• Many potential customers are strapped for cash due to the pandemic lockdown.
  • Many potential customers will not feel safe as long as the coronavirus is still spreading and taking lives.
  • As a result, there will be fewer customers which leads to reduced income to the business which leads to the need for fewer employees.
  • Even under the best circumstances, this will last for a year or longer.

The road of life before you has sharp curves and steep hills. If you are to navigate it successfully, you must critically budget your money, efforts and time. Now is the time to get physically and mentally fit for the challenges before you. Never forget that:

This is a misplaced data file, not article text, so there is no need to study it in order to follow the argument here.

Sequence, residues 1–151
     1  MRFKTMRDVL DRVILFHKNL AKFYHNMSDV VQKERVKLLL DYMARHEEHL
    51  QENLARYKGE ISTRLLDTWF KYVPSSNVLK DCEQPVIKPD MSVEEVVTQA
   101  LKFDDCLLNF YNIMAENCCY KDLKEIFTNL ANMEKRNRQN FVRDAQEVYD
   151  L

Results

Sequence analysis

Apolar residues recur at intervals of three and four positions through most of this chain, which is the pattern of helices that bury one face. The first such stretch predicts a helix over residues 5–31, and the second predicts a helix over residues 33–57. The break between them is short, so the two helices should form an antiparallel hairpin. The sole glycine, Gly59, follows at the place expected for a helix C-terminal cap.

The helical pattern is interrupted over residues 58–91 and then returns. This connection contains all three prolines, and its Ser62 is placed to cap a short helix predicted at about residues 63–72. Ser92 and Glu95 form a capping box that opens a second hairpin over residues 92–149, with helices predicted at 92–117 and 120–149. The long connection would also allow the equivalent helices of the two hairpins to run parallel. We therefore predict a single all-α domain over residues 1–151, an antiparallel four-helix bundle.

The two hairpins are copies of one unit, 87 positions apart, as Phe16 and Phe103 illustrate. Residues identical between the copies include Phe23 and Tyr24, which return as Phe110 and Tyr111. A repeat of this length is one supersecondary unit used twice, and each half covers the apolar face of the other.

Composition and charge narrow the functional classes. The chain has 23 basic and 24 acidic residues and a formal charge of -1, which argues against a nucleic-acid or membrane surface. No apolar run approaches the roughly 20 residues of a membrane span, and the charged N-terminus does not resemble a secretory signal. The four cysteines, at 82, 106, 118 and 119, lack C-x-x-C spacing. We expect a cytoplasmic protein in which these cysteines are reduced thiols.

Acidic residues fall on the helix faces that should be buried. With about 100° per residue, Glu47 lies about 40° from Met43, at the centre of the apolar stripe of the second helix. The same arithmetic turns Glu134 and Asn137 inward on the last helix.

You will learn from this experience.
You will become smarter and stronger for having gone through this.
You will get through this victoriously!

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My other websites:
Frugal Plan (Blog)
Life Under Change

The Empathy of a Friend

Photo by Abo Ngalonkulu on Unsplash

“When we honestly ask ourselves which person in our lives mean the most to us, we often find that it is those who, instead of giving advice, solutions, or cures, have chosen rather to share our pain and touch our wounds with a warm and tender hand. The friend who can be silent with us in a moment of despair or confusion, who can stay with us in an hour of grief and bereavement, who can tolerate not knowing, not curing, not healing and face with us the reality of our powerlessness, that is a friend who cares.”

Henri Nouwen

Nature’s Gift

“Nature is not a place to visit. It is home.”
Gary Snyder

Photo Narrative